I recently came across this article (Can Dying Languages Be Saved?) in the New Yorker, and it reminded me of a fascinating connection between languages and science. The article talks about how hard it is to save dying languages, and what that process can be like, with learning, researching, creating and inventing the language based on what’s known about it and what isn’t.
Languages are in danger of dying out when they are not being passed on to next generation of speakers. This might start with the language being used less and less, and eventually not being used at all. It would first move away from use in schools, hospitals, offices and all those kinds of public use spaces into only the home. Maybe friends and family would use it to speak to each other, and gradually it would become less common and only have a kind of symbolic role. Once the children stop being taught how to use it, the language is in danger of being lost.
As it says in the article,
… the loss of languages passed down for millennia, along with their unique arts and cosmologies, may have consequences that won’t be understood until it is too late to reverse them.
Languages contain within them the traces of the culture of their speakers. The important parts of a culture, whether they be respect for elder figures as in Japanese (the main language of Japan) or intricate bonds of kinship as in Warlpiri (an Indigenous language of Central Australia), are captured in the grammar and vocabulary of the language used by its speakers. A speaker group’s history and identity is also visible in the language it speaks. That’s one of the reasons why language loss is such a big deal: when you lose a language, you lose a way of life and generations of accumulated knowledge.
One of the most productive areas of knowledge that many small languages have is around the natural world. The thousands of languages that populate the deserts, jungles, mountains and forests of the world all contain knowledge about food, nutrition and safety. Over the generations, speakers discovered and classified the world around them, distinguishing between species of plants and animals and how to find and prepare them for eating. Those distinctions were incorporated into their language, distinctions that might easily be lost with the language.
That’s why trips to document languages in remote areas often bring along a biologist or a botanist as well as a linguist, because the local speakers have a huge understanding of the plants and animals all around them, often including specific knowledge of species completely unknown to western science. Back in 1985 in a paper called Mode of subsistence and folk biological taxonomy in the journal Current Anthropology, Cecil Brown wrote about this, and his work is described here by Andy Pawley in a chapter that he wrote for the 2011 book Documenting Endangered Languages: Achievements Perspectives:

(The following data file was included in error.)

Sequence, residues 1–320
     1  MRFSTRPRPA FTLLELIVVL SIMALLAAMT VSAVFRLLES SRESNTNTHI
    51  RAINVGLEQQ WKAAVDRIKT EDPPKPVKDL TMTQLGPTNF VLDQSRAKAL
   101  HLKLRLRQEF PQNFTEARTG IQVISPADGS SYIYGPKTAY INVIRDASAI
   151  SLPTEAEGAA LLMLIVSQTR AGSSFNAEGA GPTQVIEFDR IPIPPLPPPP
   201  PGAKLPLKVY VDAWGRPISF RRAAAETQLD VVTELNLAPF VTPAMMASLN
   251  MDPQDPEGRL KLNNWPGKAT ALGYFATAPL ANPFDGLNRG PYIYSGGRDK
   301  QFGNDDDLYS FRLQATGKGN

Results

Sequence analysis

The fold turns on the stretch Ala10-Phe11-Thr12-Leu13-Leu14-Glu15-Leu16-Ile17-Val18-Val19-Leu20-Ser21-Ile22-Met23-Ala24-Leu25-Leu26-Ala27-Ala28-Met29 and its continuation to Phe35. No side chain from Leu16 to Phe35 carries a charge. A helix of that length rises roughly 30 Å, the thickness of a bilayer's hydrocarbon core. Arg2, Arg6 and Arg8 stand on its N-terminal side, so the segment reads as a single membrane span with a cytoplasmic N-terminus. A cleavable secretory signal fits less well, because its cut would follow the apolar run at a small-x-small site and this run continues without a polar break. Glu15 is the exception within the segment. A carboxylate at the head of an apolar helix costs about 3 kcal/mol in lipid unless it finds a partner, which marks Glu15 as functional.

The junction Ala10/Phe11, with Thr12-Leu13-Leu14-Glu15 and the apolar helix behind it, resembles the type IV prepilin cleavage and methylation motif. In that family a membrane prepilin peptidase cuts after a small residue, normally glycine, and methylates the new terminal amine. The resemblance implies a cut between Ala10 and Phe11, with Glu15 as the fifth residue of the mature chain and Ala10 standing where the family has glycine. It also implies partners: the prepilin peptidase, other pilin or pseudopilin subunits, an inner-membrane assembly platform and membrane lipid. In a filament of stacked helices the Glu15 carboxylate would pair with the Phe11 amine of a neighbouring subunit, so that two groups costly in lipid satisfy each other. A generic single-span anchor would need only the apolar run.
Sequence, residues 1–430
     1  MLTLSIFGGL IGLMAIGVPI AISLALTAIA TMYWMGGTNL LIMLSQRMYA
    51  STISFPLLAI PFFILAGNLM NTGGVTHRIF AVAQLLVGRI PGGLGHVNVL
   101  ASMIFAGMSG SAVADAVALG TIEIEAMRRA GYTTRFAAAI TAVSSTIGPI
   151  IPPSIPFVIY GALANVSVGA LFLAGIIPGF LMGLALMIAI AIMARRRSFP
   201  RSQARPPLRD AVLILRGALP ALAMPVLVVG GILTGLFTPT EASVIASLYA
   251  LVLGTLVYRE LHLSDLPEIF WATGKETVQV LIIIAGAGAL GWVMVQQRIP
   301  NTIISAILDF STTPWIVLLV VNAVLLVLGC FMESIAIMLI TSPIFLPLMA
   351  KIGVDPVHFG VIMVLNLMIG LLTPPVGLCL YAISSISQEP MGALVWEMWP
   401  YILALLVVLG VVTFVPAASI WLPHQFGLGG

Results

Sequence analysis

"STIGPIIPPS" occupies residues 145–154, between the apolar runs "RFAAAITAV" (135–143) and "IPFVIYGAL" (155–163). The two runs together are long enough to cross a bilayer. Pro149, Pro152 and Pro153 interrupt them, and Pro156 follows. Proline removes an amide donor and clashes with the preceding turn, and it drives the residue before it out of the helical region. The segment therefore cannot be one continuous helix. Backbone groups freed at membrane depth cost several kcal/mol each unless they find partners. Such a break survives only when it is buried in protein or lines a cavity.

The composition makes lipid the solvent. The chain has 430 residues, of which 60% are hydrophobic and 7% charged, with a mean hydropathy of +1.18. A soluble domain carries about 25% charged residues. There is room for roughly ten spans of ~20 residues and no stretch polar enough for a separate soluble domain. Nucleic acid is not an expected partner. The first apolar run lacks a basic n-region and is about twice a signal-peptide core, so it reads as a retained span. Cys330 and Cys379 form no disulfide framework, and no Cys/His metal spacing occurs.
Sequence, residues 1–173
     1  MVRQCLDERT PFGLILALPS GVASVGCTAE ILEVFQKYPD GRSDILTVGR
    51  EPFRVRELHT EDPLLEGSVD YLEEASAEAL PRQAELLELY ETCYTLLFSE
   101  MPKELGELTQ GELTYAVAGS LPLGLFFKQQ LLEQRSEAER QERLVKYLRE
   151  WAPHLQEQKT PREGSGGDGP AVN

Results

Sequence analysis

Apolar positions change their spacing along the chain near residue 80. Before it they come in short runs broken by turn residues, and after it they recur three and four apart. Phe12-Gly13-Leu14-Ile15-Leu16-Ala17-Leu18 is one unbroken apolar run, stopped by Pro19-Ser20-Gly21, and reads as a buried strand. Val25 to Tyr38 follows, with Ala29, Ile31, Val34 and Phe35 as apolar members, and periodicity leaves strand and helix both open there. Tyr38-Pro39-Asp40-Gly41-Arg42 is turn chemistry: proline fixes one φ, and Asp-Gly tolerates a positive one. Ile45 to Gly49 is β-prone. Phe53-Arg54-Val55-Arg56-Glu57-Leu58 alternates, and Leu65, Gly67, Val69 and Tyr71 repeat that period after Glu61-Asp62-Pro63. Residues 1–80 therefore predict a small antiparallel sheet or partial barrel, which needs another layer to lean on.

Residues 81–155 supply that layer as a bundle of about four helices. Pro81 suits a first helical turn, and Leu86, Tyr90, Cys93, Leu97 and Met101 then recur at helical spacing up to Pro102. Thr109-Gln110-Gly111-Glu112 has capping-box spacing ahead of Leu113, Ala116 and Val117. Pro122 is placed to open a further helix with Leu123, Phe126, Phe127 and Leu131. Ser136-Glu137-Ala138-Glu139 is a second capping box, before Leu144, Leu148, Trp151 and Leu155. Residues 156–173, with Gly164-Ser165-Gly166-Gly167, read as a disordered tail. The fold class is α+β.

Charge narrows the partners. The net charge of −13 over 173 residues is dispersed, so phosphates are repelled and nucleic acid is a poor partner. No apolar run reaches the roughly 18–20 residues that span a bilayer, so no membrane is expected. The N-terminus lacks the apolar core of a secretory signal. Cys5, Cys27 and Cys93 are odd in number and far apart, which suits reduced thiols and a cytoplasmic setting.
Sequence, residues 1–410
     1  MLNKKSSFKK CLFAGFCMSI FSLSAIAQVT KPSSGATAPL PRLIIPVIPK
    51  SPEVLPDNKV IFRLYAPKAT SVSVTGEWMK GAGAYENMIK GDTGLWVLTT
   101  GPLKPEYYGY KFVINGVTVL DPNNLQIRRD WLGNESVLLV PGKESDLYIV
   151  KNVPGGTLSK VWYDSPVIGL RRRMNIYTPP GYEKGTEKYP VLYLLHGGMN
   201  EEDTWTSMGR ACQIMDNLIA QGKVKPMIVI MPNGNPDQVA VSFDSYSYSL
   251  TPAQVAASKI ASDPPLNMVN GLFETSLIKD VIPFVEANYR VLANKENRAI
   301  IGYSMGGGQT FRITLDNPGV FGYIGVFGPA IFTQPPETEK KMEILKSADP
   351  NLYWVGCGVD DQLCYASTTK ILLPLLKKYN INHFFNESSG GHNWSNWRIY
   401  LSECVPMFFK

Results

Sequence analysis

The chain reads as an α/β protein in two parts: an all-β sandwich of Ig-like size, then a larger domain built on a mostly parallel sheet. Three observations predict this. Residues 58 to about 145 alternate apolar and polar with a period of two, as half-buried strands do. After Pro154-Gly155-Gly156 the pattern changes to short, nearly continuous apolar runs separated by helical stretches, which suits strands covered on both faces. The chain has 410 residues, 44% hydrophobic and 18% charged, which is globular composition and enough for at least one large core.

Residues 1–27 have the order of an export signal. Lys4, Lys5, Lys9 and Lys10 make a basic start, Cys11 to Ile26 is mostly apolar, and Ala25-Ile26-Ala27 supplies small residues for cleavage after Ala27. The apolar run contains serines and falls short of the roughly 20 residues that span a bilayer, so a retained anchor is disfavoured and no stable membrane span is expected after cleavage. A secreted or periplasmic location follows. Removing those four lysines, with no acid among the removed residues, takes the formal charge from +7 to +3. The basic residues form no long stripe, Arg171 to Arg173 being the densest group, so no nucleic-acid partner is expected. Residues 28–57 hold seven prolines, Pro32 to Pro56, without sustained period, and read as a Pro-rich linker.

Animals and plants are important, economically and socially, in the lives of Oceanic communities and names for animal and plant taxa make up a large part of the lexicon. Worldwide comparative studies show that farming communities living in environments with a rich diversity of plant species generally distinguish between 500 and 1500 plant taxa. I am not aware of a comparable world-wide survey but it is probable that most coastal communities on high islands in the Pacific tropical zone distinguish between 600 and 1000 animal taxa, with fish names being the largest component.
According to UNESCO, the loss of speakers and knowledge-keepers among the Amuesha of the Northern Peruvian Amazon has directly and negatively impacted the diversity of crops. Oral traditions and folk taxonomies are now recognised as being important for projects of endangered species recovery and restoration. Efforts by scientists to preserve biodiversity can gain significantly from engagement with local communities and linguists, where the linguists themselves can gain from the scientists’ experience.
Beyond the practical or purely scientific reasons we might have for wanting to learn more about the natural world, this knowledge that is embedded in the language is another part of the heritage, culture and tradition that so many people around the world are starting to lose. We often think of languages as unchanging things, tools for expressing ourselves, but they are actually amazingly complex and nuanced. They have a value that goes beyond their scientific content, but recognising the value that is there might be a good way to increase our awareness. The New Yorker article sums this up nicely.
Quinine, aspirin, codeine, ipecac, and pseudoephedrine are among the common remedies that … we owe to ethnobotanists guided and informed by indigenous peoples.
Daniel Kaufman, a linguist who directs the Endangered Language Alliance, a nonprofit institute on West Eighteenth Street, would be thrilled to hear that a cure for cancer had been discovered in a rain-forest flower for which we have no name, other than one in a dying language, but saving the flower is not his concern.
“Let’s be honest,” Kaufman said. “The loss of these languages doesn’t matter much to the bulk of humanity, but the standard for assessing the worth or benefit of a language shouldn’t rest with outsiders, who are typically white and Western. It’s an issue of the speakers’ perceived self-worth. The older people are the only ones who can tell you what their youth stands to lose. The young are the only ones who can articulate the loss of an identity rooted in a mother tongue that has become foreign to them.”